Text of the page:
Flare Network Airdrops FLR to Millions of Users

At 11:59 p.m. UTC on January 9, 2023, Flare, the blockchain for developing applications that utilise data from other chains and the internet, finally began its much-anticipated token airdrop. One of the largest-scale distributions in cryptocurrency history, the airdrop saw 4.279 billion Flare (FLR) tokens issued to millions of users, including users on Binance, OKX, Kraken, Bithumb, UpBit, Kucoin, BitBank, and more.

The initial 15% of all public tokens will be issued during the Flare token sale, with the remaining 85% being distributed monthly over the next 36 months. The community vote on Flare Improvement Proposal 01 (FIP.01) will determine how the remaining 85% of tokens will be distributed.

Flare’s revolutionary approach to decentralization

The purpose of Flare is to provide a means for developers to create programs that can access more data in a secure manner. This could pave the way for new use scenarios, such as a Flare smart contract’s action being triggered by a payment made on another chain or by data provided by an internet/web2 API. Flare also allows for a unique kind of bridging, one that can be used to transfer tokens that aren’t issued by smart contracts over to the platform for use in things like DeFi protocols.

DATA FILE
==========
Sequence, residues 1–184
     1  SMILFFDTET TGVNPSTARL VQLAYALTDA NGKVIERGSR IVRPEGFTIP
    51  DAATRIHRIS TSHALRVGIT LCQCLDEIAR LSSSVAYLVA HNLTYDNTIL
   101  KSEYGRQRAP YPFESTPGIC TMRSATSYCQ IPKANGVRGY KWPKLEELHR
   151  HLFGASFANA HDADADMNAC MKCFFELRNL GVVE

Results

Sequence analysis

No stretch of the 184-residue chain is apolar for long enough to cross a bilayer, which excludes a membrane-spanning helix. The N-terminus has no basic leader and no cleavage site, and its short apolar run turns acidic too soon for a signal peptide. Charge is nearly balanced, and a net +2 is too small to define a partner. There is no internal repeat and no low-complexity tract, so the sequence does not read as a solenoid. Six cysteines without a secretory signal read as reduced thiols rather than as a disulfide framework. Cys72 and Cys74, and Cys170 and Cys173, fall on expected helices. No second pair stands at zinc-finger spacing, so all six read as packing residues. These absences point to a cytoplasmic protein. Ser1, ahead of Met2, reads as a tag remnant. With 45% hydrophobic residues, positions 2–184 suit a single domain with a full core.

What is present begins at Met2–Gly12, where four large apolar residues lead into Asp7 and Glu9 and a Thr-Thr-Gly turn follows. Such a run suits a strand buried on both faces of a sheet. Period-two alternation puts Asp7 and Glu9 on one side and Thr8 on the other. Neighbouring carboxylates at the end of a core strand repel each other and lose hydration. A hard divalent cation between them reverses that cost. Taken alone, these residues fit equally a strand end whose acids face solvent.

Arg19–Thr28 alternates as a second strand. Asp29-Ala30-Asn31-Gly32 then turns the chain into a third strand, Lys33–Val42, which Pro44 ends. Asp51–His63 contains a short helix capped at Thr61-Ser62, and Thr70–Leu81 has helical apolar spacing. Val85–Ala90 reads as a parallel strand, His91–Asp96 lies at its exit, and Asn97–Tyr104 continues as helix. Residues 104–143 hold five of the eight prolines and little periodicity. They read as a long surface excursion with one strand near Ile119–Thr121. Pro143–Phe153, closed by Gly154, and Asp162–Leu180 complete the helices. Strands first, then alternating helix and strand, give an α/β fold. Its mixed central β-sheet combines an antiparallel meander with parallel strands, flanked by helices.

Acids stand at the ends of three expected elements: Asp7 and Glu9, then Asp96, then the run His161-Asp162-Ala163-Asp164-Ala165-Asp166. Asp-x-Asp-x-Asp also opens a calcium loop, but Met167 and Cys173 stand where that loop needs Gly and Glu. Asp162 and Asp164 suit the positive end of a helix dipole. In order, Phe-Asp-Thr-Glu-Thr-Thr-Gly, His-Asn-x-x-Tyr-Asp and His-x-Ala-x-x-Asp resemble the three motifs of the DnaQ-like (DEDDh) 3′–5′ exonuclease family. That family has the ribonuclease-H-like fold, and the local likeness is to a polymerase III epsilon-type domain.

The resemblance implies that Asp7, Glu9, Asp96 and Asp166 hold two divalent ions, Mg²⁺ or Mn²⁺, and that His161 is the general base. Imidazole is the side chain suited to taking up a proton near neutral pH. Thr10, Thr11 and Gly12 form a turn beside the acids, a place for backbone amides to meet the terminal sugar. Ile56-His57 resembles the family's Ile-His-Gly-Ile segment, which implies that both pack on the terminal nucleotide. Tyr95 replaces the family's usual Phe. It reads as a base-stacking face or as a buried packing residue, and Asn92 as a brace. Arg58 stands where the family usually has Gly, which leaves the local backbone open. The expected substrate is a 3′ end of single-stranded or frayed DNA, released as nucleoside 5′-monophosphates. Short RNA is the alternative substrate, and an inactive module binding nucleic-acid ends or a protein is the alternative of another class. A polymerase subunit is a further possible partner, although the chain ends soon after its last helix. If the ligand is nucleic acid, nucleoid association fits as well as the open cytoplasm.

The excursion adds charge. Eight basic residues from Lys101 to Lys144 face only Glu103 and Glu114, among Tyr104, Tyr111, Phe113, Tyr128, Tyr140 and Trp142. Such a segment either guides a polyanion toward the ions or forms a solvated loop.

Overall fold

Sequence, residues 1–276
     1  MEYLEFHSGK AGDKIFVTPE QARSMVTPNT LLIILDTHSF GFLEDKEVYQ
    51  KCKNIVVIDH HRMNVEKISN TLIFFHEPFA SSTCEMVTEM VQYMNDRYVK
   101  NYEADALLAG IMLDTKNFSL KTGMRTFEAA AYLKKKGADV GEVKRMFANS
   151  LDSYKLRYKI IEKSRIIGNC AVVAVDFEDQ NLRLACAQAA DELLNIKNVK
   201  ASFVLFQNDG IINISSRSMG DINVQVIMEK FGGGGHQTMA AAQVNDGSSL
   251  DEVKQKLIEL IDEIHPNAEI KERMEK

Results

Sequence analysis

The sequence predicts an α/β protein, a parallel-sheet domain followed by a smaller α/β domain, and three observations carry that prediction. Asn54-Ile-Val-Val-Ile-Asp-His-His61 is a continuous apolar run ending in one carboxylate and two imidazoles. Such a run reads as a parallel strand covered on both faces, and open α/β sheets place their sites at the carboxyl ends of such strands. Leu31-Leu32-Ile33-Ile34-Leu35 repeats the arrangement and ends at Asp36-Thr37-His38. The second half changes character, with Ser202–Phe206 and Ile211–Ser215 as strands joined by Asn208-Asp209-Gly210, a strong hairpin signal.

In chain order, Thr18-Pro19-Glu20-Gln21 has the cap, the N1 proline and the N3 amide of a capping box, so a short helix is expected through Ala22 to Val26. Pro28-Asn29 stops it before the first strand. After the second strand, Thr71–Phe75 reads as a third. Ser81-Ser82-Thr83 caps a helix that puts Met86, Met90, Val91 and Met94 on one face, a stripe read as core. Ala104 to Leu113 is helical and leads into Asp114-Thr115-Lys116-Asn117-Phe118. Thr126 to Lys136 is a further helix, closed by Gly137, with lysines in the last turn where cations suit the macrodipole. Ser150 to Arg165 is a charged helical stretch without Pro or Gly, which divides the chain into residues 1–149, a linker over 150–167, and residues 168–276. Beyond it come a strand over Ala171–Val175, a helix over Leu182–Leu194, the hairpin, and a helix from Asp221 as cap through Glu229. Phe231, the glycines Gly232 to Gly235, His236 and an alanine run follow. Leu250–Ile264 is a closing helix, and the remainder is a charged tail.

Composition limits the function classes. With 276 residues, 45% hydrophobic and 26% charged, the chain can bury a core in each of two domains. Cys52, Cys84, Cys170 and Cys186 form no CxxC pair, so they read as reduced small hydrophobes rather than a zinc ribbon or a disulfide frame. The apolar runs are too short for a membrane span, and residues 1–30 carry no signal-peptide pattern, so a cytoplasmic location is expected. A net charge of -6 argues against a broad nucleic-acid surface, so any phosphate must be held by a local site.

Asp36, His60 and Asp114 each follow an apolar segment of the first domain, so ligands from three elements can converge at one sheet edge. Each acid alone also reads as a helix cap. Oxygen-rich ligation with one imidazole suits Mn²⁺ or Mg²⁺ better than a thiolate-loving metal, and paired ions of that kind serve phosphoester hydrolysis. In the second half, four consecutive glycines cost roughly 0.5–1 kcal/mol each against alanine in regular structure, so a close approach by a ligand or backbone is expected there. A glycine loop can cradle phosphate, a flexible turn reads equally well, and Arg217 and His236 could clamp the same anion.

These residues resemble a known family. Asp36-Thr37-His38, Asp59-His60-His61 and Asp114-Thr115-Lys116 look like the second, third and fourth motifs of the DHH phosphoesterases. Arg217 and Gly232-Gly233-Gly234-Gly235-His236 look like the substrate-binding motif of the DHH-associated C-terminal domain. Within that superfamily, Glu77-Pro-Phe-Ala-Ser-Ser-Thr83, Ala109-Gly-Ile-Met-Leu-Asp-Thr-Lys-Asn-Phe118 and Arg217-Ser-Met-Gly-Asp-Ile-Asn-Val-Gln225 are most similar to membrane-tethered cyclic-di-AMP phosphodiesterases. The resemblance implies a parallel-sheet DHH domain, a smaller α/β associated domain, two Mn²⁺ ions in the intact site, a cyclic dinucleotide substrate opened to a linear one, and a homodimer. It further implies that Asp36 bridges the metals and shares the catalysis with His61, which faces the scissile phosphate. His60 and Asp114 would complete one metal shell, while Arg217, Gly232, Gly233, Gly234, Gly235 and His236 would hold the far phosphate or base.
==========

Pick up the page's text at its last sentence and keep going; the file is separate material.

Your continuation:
Flare’s Time Series Oracle (FTSO) takes advantage of the distributed nature of the network to give dapps with highly decentralized pricing and data series. In the FTSO, approximately a 100 different data providers are rewarded to produce accurate data once every three minutes.

When combined with the State Connector and Flare Time Series Oracle, the airdrop marks a major step forward for Flare’s EVM and native data gathering methods. These network-protected native protocols enable new use cases and revenue models by allowing decentralized access to high-integrity data from other blockchains and the internet.

Data may be used in smart contracts on Flare in a safe, scalable, and trustworthy way thanks to the State Connector protocols. As a result, more cross-chain solutions can be developed and a new, powerful type of data can be made available on the network. The State Connector is secure because it uses a binary forking protocol in combination with a distributed collection of attestor nodes, which makes it possible to challenge a hostile majority of data providers.